On 26 July 2017, Astronomy-Physics.com published a now-viral story reporting that this year’s Perseid meteor shower will be the brightest meteor shower in human history:
There is going to be a meteor shower on 12th of August, 2017. According to astronomers this will be the brightest shower in the recorded human history. It will light up the night sky and some of these [sic] might even be visible during the day. This meteor shower is being considered as once [sic] in a lifetime opportunity as the next meteor shower of such kind will be after 96 years.
The meteor shower in question, the Perseids, will indeed peak on 12 August 2017 (though meteors from this shower can be seen from the end of July through the end of August).
Unfortunately, as exciting as it sounds, claims that this will be the brightest meteor shower in recorded human history are woefully unsupported. In fact, this year’s Perseid meteor shower will likely not even be the brightest Perseid shower of the past two years, according to NASA’s “2017 Meteor Shower Activity Forecast for Earth Orbit”:
Most meteor showers will display typical activity levels in 2017. Perseid activity is expected to be higher than normal but less than in 2016; rates may reach 80% of the [number of meteors a single viewer would see in an hour of peak activity] in 2016.
That 2016 Perseid shower, despite being above average, was also not the largest Perseid meteor shower ever recorded. That award goes to the 1993 Perseids, according to NASA Meteoroid Environment Office director Bill Cooke. He told us:
Even last year […] didn’t rival 1993, when the Perseid rates topped 300 per hour…. The best Perseid shower we have a record of occurred back in 1993.
That event actually grounded the Space Shuttle at that time. Still, despite some good fireballs produced by the Perseids in years past, the Perseid shower, in general, is likely not the right one to look at if you are interested in seeing something truly record-setting — both the Leonids and the Draconids, historically, have produced showers far more intense, Cooke told us:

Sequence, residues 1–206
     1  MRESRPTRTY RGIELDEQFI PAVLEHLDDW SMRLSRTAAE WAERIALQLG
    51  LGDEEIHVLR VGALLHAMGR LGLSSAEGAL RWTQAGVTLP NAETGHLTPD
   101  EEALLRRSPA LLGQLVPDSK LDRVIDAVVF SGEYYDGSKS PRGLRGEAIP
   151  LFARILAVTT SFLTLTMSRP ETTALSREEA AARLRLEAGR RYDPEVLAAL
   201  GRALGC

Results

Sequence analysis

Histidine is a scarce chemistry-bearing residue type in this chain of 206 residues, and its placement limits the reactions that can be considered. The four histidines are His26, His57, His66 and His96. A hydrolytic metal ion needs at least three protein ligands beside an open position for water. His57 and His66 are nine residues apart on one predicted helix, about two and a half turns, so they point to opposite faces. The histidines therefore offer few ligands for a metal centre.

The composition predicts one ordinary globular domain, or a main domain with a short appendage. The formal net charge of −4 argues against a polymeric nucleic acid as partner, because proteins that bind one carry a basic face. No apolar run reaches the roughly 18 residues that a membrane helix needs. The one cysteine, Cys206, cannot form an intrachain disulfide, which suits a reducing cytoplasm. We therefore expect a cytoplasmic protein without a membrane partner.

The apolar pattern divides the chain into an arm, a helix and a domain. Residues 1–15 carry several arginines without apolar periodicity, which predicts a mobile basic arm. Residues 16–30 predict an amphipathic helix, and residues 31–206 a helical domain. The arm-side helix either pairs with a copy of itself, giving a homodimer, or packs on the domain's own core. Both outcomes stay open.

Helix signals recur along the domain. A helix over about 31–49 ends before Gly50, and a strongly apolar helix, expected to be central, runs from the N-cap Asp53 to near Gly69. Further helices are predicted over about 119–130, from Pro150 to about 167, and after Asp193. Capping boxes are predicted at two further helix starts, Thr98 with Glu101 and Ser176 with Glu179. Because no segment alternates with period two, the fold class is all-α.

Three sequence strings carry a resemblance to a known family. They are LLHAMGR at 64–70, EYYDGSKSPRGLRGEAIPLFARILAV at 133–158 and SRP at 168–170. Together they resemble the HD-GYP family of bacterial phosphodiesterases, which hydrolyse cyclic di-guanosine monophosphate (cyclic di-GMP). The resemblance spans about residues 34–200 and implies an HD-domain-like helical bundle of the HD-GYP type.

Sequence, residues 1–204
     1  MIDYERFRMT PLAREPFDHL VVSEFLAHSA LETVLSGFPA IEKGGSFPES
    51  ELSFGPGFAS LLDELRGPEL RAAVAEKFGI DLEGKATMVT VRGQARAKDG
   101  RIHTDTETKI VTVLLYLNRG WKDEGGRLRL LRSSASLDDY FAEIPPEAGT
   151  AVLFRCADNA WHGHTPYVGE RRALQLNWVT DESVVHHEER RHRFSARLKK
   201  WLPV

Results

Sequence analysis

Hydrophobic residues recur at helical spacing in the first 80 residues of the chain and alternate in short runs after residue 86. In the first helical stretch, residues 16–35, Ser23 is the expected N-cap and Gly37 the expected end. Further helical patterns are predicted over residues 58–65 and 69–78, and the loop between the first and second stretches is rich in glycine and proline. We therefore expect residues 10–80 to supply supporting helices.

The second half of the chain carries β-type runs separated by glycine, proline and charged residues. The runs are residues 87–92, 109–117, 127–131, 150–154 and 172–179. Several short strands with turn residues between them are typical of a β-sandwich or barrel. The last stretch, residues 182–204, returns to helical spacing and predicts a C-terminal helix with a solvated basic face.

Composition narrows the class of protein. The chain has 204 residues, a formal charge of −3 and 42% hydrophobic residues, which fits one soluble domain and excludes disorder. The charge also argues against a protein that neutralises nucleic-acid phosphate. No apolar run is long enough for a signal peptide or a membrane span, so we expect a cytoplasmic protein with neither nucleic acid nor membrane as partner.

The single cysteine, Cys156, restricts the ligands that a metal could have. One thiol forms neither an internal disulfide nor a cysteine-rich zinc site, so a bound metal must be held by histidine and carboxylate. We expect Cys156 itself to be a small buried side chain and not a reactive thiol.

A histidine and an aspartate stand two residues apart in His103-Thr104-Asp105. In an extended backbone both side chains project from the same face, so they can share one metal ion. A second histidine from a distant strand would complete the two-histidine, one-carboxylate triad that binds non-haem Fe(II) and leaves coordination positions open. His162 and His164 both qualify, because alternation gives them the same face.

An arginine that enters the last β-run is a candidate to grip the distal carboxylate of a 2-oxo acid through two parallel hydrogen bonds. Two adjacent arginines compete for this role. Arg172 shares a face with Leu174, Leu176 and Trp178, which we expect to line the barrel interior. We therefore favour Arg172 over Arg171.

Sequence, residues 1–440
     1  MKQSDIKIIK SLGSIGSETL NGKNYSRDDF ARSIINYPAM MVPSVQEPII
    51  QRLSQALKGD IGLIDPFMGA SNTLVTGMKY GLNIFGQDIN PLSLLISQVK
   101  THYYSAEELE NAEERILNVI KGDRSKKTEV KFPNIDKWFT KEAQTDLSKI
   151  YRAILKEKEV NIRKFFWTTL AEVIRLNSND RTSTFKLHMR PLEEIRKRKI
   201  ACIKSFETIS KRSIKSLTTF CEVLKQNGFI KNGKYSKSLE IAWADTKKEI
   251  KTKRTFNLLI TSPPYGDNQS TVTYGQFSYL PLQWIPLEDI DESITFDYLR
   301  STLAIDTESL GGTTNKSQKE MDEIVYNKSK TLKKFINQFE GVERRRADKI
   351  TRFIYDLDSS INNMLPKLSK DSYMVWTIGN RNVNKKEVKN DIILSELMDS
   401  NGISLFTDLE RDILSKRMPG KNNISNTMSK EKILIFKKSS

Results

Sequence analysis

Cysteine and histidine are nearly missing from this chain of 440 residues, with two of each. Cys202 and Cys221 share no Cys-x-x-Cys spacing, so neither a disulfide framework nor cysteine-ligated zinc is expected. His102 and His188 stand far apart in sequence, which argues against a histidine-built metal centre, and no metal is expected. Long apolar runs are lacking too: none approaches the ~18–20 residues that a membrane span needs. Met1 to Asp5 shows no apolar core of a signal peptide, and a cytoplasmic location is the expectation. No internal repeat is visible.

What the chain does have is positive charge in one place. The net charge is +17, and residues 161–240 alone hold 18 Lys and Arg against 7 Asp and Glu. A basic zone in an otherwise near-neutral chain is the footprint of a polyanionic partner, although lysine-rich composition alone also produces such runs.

The Perseids are not noted for producing what we would consider very spectacular meteor showers. The Leonids and the Draconids, in the past, have produced far more spectacular meteor showers than the Perseids. The Leonid meteor shower has had rates hit 100,000 per hour, which is enormous.
The Perseids occur each year when Earth passes through the trail of debris left behind by the massive Swift-Tuttle comet. The intensity of a meteor shower is, generally speaking, a function of two things: the light environment at the time of viewing, and the thickness of the debris trail through which Earth passes. The exact nature of the trail of debris at that point dictates the nature of the meteors one can expect to hit the atmosphere. The light environment is most affected by the phase of the moon, and it determines how bright a meteor must be to be visible.
While the region Earth will be passing through is expected to generate an above-average number of meteors, the phase of the moon — it will be nearly full at the Perseid peak — may well cancel out that benefit. “Given the moon and the fact that the rates are slightly better than normal, you may end up with a normal looking display this year,” Cooke told us.
As there is no evidence to support the claim that this year’s event will be the brightest shower in the recorded human history and plenty of evidence to refute it, we rank this claim as false.